No Wholes Barred

Alan Rayner
2 min readJun 14, 2020
Landed, Stranded (Oil painting on canvas by Alan Rayner, 2004)

Please, don’t speak to me of parts and wholes

When you know

There are no such things

In a life that comes and goes

In ebbs and flows…



In minds that seek to capture every instant.

And put it in a cage.

As a figure set apart.

From where it comes from.

Where it’s going to.


There, to be held under arrest.

As lifeless installation.

Fixated by Definition.

Dissected into fractions.

Unaware of each other’s presence.

As the Sum Total of the Whole.


Please, speak to me instead of natural communion,

Continuity, openness, motion, inclusion -

Not connectedness, unity, oneness, completion, selection.

So we can free our selves from this web of singular entrapment

In universal bondage

And be with each other in lively companionship

Not leave me stuck

With or without you

In a loveless marriage to mechanical objects

— — — — — — — — — — — — — — — — — — — — —

Actually, Nature is not a Whole, and we are neither a part of nor apart from it. Nor is Life a Web, in which are all tied up as One. Nature is all actual occurrence and we are dynamic occurrences within this, living inescapably in one another’s mutual receptive and responsive influence, which can be both compatible and incompatible. Life is sourced in a flow of energy around and between receptive centres of space. It is when we deny — or feel obligated to deny — this reality in one way and/or another that we cause needless suffering by treating ourselves individually or collectively as if we are mechanical objects created and governed by executive force. This is the common theme of ‘natural inclusion’ in all my essays on Medium, and can be explored further via my personal website at, where references and links to my books, articles, artworks, and oral presentations can be found.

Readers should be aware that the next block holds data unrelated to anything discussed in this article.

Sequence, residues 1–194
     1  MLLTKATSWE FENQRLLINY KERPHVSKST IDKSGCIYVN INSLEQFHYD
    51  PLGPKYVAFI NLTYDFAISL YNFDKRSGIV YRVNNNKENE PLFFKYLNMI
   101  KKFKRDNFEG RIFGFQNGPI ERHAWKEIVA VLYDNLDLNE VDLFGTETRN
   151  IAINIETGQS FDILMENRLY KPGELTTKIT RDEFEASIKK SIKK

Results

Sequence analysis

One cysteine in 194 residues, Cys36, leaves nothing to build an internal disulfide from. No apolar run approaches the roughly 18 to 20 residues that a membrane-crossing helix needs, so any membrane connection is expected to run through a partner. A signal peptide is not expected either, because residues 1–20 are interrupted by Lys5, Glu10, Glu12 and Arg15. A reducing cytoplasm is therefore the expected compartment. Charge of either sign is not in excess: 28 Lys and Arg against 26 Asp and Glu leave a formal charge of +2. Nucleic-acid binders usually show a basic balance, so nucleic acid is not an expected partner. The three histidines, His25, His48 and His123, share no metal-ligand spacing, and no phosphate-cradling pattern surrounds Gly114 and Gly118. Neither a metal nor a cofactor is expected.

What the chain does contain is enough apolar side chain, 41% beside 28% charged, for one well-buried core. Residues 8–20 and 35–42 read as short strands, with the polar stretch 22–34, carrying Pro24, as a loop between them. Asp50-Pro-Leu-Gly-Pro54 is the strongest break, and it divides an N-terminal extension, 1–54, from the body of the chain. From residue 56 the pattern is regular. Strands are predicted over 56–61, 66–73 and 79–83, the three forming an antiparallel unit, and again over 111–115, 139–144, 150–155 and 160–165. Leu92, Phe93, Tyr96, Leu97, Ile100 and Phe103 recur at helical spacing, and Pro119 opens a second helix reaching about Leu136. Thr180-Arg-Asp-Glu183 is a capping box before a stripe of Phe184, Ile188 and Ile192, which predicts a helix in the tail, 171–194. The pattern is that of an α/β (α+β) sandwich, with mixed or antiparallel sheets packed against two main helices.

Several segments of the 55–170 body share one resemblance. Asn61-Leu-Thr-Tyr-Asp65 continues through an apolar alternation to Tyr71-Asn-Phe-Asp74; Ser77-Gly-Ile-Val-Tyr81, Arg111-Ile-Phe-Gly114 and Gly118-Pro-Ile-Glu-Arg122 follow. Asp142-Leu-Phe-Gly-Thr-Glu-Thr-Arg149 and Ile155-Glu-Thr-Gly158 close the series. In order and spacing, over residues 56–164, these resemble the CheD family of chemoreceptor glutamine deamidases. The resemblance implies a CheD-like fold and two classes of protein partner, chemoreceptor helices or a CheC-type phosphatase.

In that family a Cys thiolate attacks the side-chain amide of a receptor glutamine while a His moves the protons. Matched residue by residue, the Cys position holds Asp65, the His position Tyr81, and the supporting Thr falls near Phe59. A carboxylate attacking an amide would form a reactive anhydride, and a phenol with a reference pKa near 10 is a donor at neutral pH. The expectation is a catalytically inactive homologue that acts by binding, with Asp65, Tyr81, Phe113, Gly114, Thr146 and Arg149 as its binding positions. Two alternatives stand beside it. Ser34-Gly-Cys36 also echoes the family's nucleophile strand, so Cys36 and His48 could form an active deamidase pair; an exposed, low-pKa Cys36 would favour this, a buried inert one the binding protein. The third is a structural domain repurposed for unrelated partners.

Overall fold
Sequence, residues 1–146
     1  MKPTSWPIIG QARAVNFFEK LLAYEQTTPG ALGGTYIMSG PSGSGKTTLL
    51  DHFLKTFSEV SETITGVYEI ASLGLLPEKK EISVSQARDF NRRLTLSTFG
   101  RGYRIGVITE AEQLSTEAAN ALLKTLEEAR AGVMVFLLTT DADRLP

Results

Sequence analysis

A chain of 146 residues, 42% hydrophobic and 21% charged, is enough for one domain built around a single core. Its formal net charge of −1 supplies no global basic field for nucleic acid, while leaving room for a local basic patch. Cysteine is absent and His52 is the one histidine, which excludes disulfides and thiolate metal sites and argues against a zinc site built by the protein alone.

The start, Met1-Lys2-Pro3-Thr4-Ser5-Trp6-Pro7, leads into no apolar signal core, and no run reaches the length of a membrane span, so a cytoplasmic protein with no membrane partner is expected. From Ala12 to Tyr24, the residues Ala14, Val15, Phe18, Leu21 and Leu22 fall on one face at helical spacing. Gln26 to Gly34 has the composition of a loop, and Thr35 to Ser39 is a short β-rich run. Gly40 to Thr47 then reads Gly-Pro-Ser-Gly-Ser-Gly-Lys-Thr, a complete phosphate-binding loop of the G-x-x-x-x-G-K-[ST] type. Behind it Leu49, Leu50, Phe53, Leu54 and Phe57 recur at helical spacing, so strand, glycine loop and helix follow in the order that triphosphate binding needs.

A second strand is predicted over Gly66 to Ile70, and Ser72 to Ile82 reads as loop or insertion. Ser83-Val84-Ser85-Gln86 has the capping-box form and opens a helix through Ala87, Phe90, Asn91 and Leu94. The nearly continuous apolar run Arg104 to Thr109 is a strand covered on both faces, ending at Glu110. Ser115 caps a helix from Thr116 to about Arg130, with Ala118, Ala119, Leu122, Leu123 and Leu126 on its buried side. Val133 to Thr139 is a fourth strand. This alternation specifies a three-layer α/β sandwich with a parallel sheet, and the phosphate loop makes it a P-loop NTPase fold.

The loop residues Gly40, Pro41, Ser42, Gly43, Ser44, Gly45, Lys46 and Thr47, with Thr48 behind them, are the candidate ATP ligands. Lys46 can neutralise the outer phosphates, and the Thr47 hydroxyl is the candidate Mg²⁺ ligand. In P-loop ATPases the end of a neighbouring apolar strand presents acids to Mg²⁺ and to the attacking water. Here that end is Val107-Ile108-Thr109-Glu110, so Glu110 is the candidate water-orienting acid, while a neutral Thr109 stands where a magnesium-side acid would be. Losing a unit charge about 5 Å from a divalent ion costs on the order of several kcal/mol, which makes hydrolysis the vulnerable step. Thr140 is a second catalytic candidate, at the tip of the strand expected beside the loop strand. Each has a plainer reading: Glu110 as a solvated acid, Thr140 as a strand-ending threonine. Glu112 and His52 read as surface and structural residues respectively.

Alan Rayner

Alan Rayner is an evolutionary ecologist, writer and artist, who is pioneering the philosophy of natural inclusion